|this is the actual 1980 box design|
Second of all, the cereal was almost half marshmallows! Granted, the other half was flavorless, grainy, mushy-in-milk cereal shaped to imitate those colorful, sugary, artificially flavored nuggets of heaven, but there were ways of getting around that.
And that, friends, is why the struggle occurred.
My mother made the mistake of giving in and buying it for us once. In days were were finished with the cereal, and what I mean by that is that we had plucked out all of the marshmallows and had no special interest in eating what was left. Mom saw this as a colossal waste of our hard-working father's money, so she swore she'd never buy it again.
When your eyes are as big and blue as mine and your hair as pale and angelic as my sister's, you just know that isn't going to last. Throughout my childhood and youth, the scenario repeated itself over and over - mom bought the cereal after securing promises from her two little
Once, as an adult, I bought myself the much-fought-over and much-sought-after cereal and discovered two things. First, I don't know if they improved the flavor of the NotMarshmallowBits, but it really wasn't all that bad to eat bites that contained equal amounts of cereal and marshmallows. Second, I don't know if they changed the "recipe" for the marshmallows, but they really weren't worth all the begging.
Anyway, this post isn't about those lucky charms (believe it or not).
I got lucky tonight with the last recipe of the menu: Tanya's Asian Creation from The Garden of Vegan. Honestly, I made this out of a stubborn desire to use the second most underused cookbook in my collection. I sat down with the book while making last week's menu and said, "I will find one good recipe in this book so I can justify having it for a better reason than that it completes the Sarah Kramer Trilogy."
In the book, the recipe looked promising, but I'll admit, it was at this point in preparing it that I finally became convinced it might taste good. I realized that is one of the reasons I don't cook frequently from this book - there are a lot of freaky little Asian-inspired dishes by Tanya Barnard, Sarah's writing-mate, and I just can't get into a lot of the strange ingredients she uses. I confirmed my suspicions during dinner that Mister might leave me if I try to feed him seaweed.
Fortunately, we both got lucky because this has no seaweed or other bizarre ingredients and actually tasted pretty good. It must have been sufficiently filling, too, because it took Mister hours to need his nightly sandwich(es).
So, the old menu done and the new menu was constructed over the course of today (yes, it took all day - I was interrupted several times by a hyper Mister who concluded that he is better off as an insomniac because when he sleeps too much [= enough], he has all kinds of energy and won't leave me alone). Lucky for Mister, I love him and I constructed almost the whole menu with his recent requests/feedback/pleas in mind.
1. Cottage Pie - I've mentioned a couple of times now that Mister mourns the loss of classic UK pub food (which is amusing, since I'm the Greek's little Irish wife), so I've set out to try veganizing a couple of classics. This one looked relatively do-able, so while the name of the recipe links to the original recipe, I will probably post my own version once I've determined it's worth feeding to other people.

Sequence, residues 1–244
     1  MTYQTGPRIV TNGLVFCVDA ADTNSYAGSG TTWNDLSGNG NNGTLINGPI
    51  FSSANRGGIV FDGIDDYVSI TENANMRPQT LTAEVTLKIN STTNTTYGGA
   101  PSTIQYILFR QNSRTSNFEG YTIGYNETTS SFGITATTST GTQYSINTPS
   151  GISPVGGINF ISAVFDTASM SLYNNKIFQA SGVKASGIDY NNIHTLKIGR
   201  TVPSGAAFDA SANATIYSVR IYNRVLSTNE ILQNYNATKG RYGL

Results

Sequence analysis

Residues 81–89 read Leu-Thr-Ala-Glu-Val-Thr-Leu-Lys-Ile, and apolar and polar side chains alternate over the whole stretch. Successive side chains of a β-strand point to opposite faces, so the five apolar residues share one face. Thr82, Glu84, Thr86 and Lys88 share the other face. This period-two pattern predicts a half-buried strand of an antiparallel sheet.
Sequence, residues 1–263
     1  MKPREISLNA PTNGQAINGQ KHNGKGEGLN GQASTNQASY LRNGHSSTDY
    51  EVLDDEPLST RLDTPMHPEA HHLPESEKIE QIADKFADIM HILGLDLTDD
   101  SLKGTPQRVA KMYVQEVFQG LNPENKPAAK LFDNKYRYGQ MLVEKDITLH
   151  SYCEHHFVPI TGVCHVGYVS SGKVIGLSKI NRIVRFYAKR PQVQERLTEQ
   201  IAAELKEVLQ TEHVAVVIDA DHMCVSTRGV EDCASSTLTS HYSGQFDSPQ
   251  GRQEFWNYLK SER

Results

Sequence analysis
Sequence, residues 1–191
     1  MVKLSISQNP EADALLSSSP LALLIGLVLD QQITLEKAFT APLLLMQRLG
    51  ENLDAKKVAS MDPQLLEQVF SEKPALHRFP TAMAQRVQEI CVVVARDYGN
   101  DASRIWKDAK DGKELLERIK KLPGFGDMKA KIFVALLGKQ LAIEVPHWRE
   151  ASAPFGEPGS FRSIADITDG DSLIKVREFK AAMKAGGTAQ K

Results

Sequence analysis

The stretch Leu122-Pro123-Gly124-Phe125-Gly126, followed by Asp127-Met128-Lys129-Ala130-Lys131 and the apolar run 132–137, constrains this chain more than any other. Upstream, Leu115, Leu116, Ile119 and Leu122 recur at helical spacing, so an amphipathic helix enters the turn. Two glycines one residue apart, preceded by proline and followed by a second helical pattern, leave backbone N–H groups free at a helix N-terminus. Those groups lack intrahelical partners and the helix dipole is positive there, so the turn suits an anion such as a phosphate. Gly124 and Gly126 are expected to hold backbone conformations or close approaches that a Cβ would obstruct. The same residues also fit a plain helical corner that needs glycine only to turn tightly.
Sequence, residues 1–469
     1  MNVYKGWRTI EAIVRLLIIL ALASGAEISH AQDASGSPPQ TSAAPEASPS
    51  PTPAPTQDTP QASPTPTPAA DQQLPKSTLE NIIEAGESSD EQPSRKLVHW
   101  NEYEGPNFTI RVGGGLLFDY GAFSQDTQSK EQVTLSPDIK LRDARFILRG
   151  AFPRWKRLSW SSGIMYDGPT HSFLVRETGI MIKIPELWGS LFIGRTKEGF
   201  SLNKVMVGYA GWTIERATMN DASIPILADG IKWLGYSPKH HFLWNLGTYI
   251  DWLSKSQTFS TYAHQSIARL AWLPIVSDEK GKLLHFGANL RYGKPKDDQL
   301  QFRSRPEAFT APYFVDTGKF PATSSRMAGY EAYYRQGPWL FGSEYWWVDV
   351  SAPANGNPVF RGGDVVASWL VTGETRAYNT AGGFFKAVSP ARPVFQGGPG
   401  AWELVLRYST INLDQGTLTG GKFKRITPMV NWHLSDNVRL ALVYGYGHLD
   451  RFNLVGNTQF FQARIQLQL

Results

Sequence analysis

2. Bangers and Mash - which was the original reason this began. Mister really wants vegan Bangers and Mash and said "it's just sausage and mashed potatoes, so it shouldn't be that difficult, but there's something about it that's just so....amazing." From the recipe I'll be loosely following, it looks like that "something special" is the gravy. Interestingly enough, I found a recipe for Bangers and Mash in one of the cookbooks I went through tonight for the rest of the menu, but since the recipe I'm borrowing from (click the title) is composed by a true Brit, I'm going to stick with that.
3. Easy Manicotti Alla Romana from The Vegetarian Times Complete Cookbook because Mister also requested more food you need to cut with a knife and can be served on a plate. Go figure. Anyway, I figure this combines everything that is great in MisterWorld: Italian food, food you can cut, and food you eat on a plate.
4. Sloppy Joes from The Urban Vegan, which also requires a plate, also makes Mister (and Angst, and me) happy, and cooks up super fast and easy, which is all I want in the world some nights.
5. Granada Paella, also from The Urban Vegan, even though it burns my face off the first night (the leftovers hurt less, probably because I don't heat them up) because it really does taste incredible and I've made it so many times I barely have to think about it anymore, which is another thing that's important some nights.
6. Farfalle with White Beans and Cabbage from Vegan on the Cheap because I have half a head of red cabbage hanging out in my crisper drawer and because the grocery list was getting a little long for the second week of the paycheck.
At least half of the recipes take a decent time commitment. I wanted to take advantage of the time before Black Friday to make some longer-cooking meals because I have an idea that I will want low-effort meals for the month and a half that follows. Someday I'll work in a position that doesn't mean December = Insanity. This year is not that time.